Have you found peace in this Person?
Fifteen years ago this week we lost our first child. Twelve weeks of morning sickness and multiple tests and ultrasounds told us that someone was there. Struggling, but there. Finally, in the doctor’s office on Christmas Eve, there was a steady heartbeat. In the same office the morning after New Year’s Day, there was none.
I haven’t thought of our unborn child for some time, but I was reminded today—twice.
This morning in church, along with Christmas carols, we sang a song about restoration—how God turns our mourning into dancing. As I sang, I thought of how God made those lyrics a reality in my own life this very week a decade and a half ago. In January 1997 I was struck with unexpected sadness, but I was also strengthened with unexpected grace. In the midst of our loss, God gave a gift of indescribable peace—a sober joy—to walk that sorrowful road.
This evening I was visiting with a neighbor on her front porch. The porch light must have caused the gold band I wear on my right fifth finger to sparkle for just a moment. In the middle of our conversation, it caught her attention, and she complimented the ring. Nobody ever does that. The ring is small, simple, and insignificant in design. I walked through the open door the Lord presented . . .
“Thanks,” I said. “Would you like me to tell you about this ring?”
“A year before our oldest was born, we lost a baby. Actually, it happened during the week between Christmas and New Year’s Day. . . . This ring represents that baby. It is a reminder to me, my husband, and my children that someone else was here. It was so hard, but through it all, I had a very special sense of God’s grace. I knew God loved me, and I knew God loved that child. And, I also knew that God had a good plan and purpose in all that happened. The Lord gave me great peace.”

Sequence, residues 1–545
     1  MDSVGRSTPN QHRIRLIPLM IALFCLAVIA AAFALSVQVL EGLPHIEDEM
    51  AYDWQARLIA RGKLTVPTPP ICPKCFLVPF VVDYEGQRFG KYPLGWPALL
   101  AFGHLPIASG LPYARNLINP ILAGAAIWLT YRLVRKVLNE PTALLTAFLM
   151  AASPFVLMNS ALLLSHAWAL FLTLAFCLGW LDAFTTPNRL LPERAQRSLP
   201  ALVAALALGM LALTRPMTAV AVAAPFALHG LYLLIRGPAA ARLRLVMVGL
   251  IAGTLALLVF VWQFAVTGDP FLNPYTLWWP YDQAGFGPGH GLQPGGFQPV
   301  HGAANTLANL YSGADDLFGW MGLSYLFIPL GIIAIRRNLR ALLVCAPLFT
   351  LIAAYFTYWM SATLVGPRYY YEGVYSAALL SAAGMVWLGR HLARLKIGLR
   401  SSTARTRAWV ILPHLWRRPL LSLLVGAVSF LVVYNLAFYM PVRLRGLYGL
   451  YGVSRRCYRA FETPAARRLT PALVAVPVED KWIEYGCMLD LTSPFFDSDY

Near the end of my explanation, I realized that I was smiling as I spoke. An authentic, unpretentious smile of healing—of peace.
Such peace is not a result of memories faded by time or positive thinking. Such peace is only possible through a personal relationship with Jesus—the Savior and the God of all comfort. The genuine spiritual peace I experienced in the midst of this loss was only possible because of the peace I first had with God through Christ:
“Having been justified by faith, we have peace with God through our Lord Jesus Christ, through whom also we have obtained our introduction by faith into this grace in which we stand, and we exult in hope of the glory of God.” (Romans 5:1-2)
1. “We have peace with God through our Lord Jesus Christ.” The perfect, sinless Jesus made payment for my sin by bearing the wrath of God on the cross in my place. He arose from the dead proving His sacrifice was acceptable to the Father and displaying His victory over sin and death.